One year on from the Francis Inquiry, there are still significant problems with consumers choosing not to complain about public services because they don’t know who to complain to or think nothing will be done.
With public service reform high on the policy agenda, our research shows more needs to be done to ensure consumers feel empowered and their voices are heard.
We’ve found there are three key reasons why people do not complain when they have a problem with public services: scepticism that their complaint will have any impact, fear of repercussions, and lack of understanding about how to complain.
Will complaining about my doctor really help?
Four in 10 people who had had a recent problem with a specialist consultant in a hospital did not complain. Of these, almost six in 10 said the reason was that they thought nothing would be done and four in 10 thought it wouldn’t be worth the effort.
A third of people said that they were worried complaining might lead to worse service or treatment for them or their family member and 27% said gave the same reason for not complaining about a GP. One in five didn’t complain when they had a problem with a specialist consultant because they didn’t know how to complain or who to complain to.
The best private sector organisations actively encourage and welcome feedback so it’s worrying to see so many barriers to consumers speaking up in public services.
And it’s not just within the NHS. Just two thirds (65%) of those who had cause to complain about an NHS service in the last year did so, and a similar percentage (69%) complained about another Government service such as the DVLA or HMRC. Yet 90% of people complained about a high street retailer when in a similar situation, 89% about a bank or tradesperson and 83% about an energy supplier.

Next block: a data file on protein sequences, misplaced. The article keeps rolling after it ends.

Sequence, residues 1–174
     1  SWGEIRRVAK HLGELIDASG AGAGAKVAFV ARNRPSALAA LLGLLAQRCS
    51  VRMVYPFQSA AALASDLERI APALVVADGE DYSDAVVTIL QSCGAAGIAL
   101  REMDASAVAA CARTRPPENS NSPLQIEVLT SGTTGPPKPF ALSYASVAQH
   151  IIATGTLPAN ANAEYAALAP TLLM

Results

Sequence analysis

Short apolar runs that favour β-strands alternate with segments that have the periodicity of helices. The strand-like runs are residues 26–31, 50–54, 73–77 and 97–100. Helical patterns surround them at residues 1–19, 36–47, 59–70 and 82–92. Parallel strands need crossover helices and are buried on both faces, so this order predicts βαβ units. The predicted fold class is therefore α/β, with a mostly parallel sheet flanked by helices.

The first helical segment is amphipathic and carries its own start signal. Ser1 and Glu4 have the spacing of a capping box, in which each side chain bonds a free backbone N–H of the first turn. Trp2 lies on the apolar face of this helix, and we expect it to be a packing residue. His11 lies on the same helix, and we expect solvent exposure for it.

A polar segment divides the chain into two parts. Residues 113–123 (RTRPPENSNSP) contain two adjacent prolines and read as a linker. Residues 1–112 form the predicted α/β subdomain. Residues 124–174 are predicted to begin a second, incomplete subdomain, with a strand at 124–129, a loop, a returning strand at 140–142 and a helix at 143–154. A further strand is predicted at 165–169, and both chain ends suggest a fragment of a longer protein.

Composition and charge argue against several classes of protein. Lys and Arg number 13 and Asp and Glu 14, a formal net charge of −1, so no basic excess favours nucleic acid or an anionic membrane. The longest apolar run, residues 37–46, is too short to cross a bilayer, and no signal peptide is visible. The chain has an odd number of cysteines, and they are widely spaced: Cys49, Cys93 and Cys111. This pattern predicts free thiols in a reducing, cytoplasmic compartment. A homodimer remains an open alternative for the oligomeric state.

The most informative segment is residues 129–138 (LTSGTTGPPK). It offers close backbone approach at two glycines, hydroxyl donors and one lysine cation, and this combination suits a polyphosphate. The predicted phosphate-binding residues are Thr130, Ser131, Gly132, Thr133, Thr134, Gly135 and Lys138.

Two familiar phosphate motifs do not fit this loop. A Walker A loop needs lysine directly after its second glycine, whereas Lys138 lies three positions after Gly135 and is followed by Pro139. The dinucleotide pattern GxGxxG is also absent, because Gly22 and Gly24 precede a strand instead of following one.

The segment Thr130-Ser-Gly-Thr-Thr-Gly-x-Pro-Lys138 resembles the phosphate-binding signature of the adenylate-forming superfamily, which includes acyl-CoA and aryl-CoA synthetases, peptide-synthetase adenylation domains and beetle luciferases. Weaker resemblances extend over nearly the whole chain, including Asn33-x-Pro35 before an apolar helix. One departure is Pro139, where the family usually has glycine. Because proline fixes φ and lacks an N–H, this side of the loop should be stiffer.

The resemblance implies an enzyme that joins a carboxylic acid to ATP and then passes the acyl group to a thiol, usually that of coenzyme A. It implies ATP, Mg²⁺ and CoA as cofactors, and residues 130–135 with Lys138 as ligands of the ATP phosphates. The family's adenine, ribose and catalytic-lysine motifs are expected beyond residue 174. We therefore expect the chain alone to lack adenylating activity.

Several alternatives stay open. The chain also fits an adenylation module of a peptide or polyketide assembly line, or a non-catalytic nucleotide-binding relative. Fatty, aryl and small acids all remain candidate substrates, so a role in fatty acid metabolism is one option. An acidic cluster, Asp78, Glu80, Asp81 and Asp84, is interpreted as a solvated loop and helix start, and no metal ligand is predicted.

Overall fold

Our research has also shown that people’s fears that they won’t be listened to are perhaps justified as, even when people do complain, perceived resolution of complaints is lower in public services. Almost six in 10 people who complained to an NHS or Government service felt their complaint was not resolved at the initial stage, in comparison with 42% for energy suppliers and banks and 30% for high street retailers.
Inspect services with high levels of complaints
While the Government has announced new measures around complaints since the public inquiry into the Mid Staffordshire NHS Trust, Which? is calling for three further steps to be taken to help drive up consumer power in public services:
- An automatic trigger for regulators to inspect any service with abnormally high levels of unresolved consumer complaints or where users demand an inspection.
- A single public services ombudsman should be introduced so consumers know exactly where to take their complaint.
- Super complaint powers expanded and strengthened to the equivalent of those in private markets.
It’s clear that more must be done to ensure that patients and their families use their power to help drive up standards in public services. Hearing feedback from people is essential to deliver the high standards that we all deserve. We need to see changes across all public services to improve complaints handling and give people the confidence that their voices will be both heard and acted upon.